Summary

Our Score

6/10

Review Price free/subscription

Back in November Benny came away rather nonplussed from quality time spent in the company of BenQ's W10000 projector. Not because it was no good as a performer; on the contrary, its movie-playing qualities were impressive. But it just seemed way too pricey for today's marketplace.

Cue BenQ's W9000, which lops off the odd feature here and there but sells for well under half the price of its flagship sibling. Provided the picture quality hasn't taken too much of a hit during BenQ's bid to keep costs low, this could be a massively more appealing proposition.

One promising bit of news right away is the fact that the W9000 is impressively well built. It weighs a tonne, hinting at quality innards and a sound-damping chassis for reducing the projector's running noise. It's not exactly the prettiest projector around in its rather angular lines and ‘industrial' finish, but it certainly looks serious, and that will give it appeal enough in many home cinephile's eyes.

The build quality even extends to the W9000's lens array, which feels emphatically robust and a million miles away from the flimsy plastickiness of Optoma's rival HD80 projector.

Why do we mention the Optoma HD80 in particular in this review? Because like the W9000 the HD80 (which we reviewed a few weeks back) is a full HD DLP projector selling for what is, by today's standards a very affordable price. In fact, it is actually a few hundred quid cheaper than even the W9000, but the BenQ's superior build quality is already going some distance towards explaining the difference.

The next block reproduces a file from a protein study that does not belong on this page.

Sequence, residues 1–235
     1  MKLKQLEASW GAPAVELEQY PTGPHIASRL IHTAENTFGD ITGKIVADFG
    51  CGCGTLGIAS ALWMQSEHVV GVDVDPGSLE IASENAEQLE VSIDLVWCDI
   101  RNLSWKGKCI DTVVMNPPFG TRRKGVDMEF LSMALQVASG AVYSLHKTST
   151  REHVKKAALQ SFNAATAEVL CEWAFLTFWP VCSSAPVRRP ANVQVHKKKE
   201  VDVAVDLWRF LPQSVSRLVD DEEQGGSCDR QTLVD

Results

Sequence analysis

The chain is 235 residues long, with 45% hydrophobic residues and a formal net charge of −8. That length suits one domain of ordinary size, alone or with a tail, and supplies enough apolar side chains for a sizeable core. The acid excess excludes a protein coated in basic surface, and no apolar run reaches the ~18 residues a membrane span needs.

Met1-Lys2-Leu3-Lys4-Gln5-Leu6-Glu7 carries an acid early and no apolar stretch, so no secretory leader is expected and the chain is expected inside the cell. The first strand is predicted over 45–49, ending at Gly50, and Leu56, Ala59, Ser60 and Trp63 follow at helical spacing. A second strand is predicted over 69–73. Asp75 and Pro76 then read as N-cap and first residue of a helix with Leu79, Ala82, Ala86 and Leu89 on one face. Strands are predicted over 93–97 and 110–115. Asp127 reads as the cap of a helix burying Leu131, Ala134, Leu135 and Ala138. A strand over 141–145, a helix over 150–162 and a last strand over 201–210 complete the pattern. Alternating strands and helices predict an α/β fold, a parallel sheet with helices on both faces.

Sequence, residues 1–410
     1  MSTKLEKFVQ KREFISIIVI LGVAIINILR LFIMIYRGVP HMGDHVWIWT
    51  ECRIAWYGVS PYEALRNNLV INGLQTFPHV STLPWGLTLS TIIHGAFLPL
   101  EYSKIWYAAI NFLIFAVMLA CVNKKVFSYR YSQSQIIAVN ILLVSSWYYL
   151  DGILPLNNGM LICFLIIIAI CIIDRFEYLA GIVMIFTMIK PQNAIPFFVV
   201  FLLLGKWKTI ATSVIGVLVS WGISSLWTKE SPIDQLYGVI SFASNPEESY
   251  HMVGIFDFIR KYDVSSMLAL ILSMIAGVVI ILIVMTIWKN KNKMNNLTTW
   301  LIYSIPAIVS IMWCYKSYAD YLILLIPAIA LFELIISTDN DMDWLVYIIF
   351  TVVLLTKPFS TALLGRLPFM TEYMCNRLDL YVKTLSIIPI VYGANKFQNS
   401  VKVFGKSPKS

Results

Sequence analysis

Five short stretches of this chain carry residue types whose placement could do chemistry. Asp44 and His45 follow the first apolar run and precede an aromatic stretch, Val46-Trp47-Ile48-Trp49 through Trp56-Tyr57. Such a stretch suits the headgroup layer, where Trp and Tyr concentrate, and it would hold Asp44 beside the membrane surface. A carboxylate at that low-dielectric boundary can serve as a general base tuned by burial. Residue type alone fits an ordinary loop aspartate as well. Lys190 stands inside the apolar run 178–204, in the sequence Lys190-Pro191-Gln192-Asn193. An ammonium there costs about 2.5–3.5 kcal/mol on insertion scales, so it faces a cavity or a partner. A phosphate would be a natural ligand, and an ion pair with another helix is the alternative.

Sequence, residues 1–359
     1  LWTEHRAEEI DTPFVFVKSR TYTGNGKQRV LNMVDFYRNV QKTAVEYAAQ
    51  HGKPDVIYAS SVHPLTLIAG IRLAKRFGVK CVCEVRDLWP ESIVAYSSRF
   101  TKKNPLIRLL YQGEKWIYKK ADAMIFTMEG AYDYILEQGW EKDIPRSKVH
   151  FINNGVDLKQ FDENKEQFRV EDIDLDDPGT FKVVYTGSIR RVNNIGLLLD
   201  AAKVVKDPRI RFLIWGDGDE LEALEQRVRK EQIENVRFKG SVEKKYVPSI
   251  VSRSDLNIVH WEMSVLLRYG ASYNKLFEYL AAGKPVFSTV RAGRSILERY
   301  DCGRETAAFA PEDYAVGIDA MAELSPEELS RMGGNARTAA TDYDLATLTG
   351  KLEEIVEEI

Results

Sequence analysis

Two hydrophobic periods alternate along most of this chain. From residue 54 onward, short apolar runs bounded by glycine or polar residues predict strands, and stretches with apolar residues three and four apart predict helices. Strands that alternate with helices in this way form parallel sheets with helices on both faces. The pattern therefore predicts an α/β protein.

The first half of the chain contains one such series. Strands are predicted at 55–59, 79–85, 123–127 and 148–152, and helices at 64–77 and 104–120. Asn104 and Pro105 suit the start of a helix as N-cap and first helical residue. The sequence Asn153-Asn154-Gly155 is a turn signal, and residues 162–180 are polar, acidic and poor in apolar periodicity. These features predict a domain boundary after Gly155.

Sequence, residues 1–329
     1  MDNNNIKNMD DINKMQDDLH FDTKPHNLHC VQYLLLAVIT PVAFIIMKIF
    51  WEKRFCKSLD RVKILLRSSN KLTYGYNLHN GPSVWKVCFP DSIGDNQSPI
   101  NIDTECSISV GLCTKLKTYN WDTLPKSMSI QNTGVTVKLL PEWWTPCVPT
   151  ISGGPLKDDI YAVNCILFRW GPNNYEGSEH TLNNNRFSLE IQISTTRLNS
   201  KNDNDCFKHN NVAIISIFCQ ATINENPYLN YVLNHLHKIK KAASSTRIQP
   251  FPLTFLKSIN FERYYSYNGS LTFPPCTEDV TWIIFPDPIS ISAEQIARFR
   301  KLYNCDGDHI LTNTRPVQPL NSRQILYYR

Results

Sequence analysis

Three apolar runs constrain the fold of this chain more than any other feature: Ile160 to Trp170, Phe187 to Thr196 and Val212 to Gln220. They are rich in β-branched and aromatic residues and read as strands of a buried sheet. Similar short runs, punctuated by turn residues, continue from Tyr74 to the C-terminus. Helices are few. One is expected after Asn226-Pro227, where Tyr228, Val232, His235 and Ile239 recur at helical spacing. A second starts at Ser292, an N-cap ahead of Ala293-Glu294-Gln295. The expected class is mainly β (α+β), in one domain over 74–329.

Setting the W9000 up is surprisingly easy for the most part. Zoom and focus can both be set electronically rather than fannying about with the usual imprecise zoom and focus rings around the lens. Plus you can also use the remote to shift the image vertically to help get it in the right place on your screen, and call into play digital keystone correction if your image's edges initially appear at an angle.

The only limitation we spotted during set up is the paucity of optical zoom on offer. The zoom ratio is just 1.15, meaning there's precious little variation to help the W9000 fit into wildly different room sizes. To give you some idea of whether the W9000 has any chance of fitting into your viewing environment, BenQ suggests that you should be able to get a 100in image with around 4m between the projector and the screen.

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